19 June 1997

    TOES 97, alternative `People's Summit' opens in Denver. It is being billed as a grassroots alternative to the official G-8 world leaders summit. It has attracted hundreds of activists from more than 20 countries and several Indian tribes.

    TOES (The Other Economic Summit) 97 can be found on their website at

    ACT deputy leader Ken Shirley says that Children and Young persons Service staff have falsified documents about the deaths of children in their care.

    The Labour Party says that rent rises for state tenants will not be covered by the increases in housing assistance, and the biggest shortfalls will occur in Auckland. About 15,000 state tenants will be paying more for their rent when the freeze ends on July 1st.

    Employment Activist Sue Bradford: "We are pleased that Winston Peters has not made workfare a priority in this year's Budget, despite McCardle's programme having been a key plank of the Coalition agreement last year.

    "Mass work-for-the-dole schemes such as the one McCardle advocates serve only to punish the unemployed, take full wage jobs away from employed workers, and to lower people's morale. Such programmes have demonstrably failed overseas, and even on this government's own figures would be more expensive to administer than the coalition agreement allowed for ..."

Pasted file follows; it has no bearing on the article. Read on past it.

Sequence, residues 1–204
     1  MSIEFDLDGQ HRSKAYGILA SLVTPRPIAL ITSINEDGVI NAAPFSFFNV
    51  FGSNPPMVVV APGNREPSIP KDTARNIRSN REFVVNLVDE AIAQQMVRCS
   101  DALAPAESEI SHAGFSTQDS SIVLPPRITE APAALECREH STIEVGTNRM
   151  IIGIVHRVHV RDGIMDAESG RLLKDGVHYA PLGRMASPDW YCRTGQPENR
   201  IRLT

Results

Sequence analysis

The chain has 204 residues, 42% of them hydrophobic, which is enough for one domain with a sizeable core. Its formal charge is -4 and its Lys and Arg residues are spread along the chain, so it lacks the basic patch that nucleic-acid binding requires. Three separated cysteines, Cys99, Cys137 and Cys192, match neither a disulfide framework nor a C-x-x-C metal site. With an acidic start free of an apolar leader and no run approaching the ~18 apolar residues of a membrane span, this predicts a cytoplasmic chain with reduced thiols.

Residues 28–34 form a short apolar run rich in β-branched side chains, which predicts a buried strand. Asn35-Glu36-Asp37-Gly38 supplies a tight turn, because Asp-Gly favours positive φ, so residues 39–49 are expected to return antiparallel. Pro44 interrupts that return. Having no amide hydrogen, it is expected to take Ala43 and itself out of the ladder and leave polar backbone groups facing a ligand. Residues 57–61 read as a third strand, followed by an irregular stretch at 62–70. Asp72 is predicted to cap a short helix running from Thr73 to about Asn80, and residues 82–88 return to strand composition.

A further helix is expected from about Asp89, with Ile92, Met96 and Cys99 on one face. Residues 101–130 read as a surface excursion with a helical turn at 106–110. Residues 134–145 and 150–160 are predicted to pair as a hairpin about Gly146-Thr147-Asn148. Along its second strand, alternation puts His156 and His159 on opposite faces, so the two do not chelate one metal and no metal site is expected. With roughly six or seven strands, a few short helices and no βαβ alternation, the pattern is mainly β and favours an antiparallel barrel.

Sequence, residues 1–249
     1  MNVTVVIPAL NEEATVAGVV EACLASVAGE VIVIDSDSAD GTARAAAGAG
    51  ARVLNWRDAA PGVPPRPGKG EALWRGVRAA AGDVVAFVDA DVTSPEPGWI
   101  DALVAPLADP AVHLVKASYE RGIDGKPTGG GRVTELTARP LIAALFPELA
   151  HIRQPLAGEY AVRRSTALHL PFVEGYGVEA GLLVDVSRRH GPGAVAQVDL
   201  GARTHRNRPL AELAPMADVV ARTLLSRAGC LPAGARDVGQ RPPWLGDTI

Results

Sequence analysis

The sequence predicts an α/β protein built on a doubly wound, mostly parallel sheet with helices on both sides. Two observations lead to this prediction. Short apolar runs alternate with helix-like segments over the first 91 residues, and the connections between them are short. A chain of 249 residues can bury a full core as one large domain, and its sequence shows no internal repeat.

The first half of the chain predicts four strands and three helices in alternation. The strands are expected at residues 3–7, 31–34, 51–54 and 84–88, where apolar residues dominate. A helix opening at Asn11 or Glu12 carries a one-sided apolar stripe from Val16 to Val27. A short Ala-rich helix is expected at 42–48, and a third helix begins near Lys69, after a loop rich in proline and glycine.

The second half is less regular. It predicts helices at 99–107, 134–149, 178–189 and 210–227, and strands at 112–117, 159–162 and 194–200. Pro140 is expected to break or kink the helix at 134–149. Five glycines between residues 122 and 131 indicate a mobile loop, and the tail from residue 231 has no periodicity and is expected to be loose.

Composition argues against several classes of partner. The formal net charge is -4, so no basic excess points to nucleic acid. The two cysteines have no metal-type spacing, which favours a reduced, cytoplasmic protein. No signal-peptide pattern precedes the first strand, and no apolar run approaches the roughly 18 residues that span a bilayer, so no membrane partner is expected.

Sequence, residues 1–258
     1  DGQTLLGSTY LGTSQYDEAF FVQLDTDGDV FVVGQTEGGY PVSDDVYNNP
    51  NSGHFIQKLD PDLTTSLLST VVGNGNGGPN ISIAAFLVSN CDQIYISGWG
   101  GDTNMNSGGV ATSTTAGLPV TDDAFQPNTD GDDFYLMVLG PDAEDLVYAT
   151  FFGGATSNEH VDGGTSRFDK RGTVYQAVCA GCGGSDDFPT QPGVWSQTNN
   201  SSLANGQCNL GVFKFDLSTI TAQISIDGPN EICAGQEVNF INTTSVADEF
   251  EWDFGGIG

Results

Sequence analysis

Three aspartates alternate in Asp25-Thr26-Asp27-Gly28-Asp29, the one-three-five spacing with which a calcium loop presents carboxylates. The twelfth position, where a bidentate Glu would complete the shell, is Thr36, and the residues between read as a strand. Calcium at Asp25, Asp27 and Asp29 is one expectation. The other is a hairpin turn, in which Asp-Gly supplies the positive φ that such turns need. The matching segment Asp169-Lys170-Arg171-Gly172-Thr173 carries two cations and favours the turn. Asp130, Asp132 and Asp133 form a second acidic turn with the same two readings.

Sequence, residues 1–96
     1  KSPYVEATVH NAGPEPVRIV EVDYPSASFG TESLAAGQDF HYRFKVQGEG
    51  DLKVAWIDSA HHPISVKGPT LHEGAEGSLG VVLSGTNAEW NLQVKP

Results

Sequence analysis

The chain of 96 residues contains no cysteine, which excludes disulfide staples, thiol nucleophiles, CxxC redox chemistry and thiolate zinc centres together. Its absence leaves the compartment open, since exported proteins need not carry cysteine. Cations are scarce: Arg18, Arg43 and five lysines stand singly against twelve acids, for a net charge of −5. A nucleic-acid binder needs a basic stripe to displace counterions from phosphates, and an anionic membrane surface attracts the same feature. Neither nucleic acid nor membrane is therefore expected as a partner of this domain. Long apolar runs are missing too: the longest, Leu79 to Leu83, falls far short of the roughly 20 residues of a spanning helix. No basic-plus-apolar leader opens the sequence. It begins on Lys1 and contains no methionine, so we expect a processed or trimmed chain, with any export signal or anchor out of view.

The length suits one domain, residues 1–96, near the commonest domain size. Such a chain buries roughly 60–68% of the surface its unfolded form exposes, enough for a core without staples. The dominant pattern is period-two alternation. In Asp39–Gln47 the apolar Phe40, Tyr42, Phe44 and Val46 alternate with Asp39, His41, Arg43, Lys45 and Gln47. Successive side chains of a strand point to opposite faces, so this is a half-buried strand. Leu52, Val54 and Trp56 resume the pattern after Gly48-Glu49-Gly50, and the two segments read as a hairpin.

20 June 1997

    The coalition government signals that its first Budget next Thursday will have much lower surpluses than previously forecast. The Budget will reveal that it has roughly halved its projected surpluses for the coming year. PM Jim Bolger blames higher social spending and lower tax receipts.

    A Commissioner for Children report to the Minister of Social Welfare suggests that Social Welfare head Margaret Bazley may be failing in her legal duty to provide enough beds for young offenders. The report says that the conditions by which 140 young people have held in police cells for up to three weeks in the last year were "completely unacceptable in a civilised society..."

    21 June 1997

    The three-day G-8 Summit of the leaders of Germany, France, Italy, Britain, the US, Japan, Canada, and also Russia, begins in Denver. President Clinton hails the American economy as the "healthiest in a generation and the strongest in the world" and is urging the other leading nations to abandon old ideas and "take up the economic tools that helped America relaunch itself".

    The official G-7 Summit site is at

    23 June 1997

    Registered unemployment at NZES rose 2.4% in May to a total of 154,245 people. This is an increase of 4,325 jobseekers on the previous month, but a 8,000 fewer compared to the same time last year.